Trying to parse Russia’s strategy, Carl Bildt, a former prime minister of Sweden, wrote in The Strategist that we should not be misled by Russia’s sudden interest in the repatriation of Syrian refugees. It is a tactic, being broadcast far and wide, to attract funding for Syrian reconstruction without Syria footing the bill. “With the US stepping back,” he notes, “it is obvious why Putin suddenly wants to talk to the Europeans about the plight of Syrian refugees. He didn’t care about them when his bombs were falling on their neighborhoods and forcing them to flee. But now that he wants Europe to bail out Assad, he has found some compassion.”
Bildt further writes that, “No other country in the past half-century has suffered so heavy a toll in human lives and physical destruction. There can be no doubt that the responsibility for this tragedy rests with the Assad regime and its Russian and Iranian sponsors. It is clear from Putin’s European charm offensive that Russia has no intention of footing even a small part of the bill. Apparently, the Kremlin does not feel as though it has a duty to rebuild the cities and restore the livelihoods that its bombs destroyed.”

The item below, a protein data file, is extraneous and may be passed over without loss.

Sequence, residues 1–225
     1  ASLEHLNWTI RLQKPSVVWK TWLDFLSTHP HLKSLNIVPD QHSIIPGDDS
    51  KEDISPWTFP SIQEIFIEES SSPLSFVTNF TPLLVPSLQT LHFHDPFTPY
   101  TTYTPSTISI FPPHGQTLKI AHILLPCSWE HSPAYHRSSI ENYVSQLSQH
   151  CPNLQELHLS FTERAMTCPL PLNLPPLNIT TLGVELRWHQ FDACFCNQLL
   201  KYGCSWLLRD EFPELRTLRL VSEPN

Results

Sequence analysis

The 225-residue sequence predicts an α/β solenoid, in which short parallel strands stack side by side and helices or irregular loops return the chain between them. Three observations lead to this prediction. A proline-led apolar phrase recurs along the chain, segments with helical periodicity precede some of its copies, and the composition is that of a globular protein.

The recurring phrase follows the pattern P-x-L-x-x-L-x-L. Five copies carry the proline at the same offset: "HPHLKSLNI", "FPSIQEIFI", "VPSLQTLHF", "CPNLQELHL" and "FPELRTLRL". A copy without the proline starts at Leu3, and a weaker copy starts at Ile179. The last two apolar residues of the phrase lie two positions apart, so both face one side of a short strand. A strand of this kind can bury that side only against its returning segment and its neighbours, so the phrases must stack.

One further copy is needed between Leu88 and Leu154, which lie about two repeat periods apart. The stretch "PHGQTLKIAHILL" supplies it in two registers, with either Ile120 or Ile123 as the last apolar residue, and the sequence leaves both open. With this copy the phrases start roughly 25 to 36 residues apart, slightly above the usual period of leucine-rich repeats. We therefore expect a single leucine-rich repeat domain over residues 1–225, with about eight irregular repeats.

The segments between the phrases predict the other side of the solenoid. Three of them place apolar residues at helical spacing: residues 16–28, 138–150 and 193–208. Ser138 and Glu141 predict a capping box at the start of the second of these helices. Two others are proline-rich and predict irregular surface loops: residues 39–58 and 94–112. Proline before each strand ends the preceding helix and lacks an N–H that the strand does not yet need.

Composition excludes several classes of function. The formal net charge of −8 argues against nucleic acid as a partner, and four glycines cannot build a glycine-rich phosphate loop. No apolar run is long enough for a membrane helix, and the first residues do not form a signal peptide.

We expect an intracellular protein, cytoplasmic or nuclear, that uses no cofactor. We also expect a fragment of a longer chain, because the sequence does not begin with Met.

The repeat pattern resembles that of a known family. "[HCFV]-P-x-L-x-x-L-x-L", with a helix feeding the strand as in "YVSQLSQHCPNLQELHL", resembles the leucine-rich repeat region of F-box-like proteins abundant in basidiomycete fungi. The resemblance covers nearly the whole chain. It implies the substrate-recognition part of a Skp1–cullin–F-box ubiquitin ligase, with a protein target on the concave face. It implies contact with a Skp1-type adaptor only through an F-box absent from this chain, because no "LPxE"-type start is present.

Ironically, Assad has made it clear that European companies are not welcome to support the reconstruction effort and that Russian firms will be first in line, although he doesn’t make clear how Russia will finance projects it can’t even deliver at home. As Bildt comments, “The last thing that Europeans should do is send money directly to Assad. A far better option is to offer direct financial support to individuals and families that are willing and able to return to their country.”
Without a viable political solution, adopted by the international community, that sees a transition in power to a more inclusive regime, he believes that Europe must insist on a “genuine political solution… After the destruction that the Assad regime has wrought, there is no other way forward.”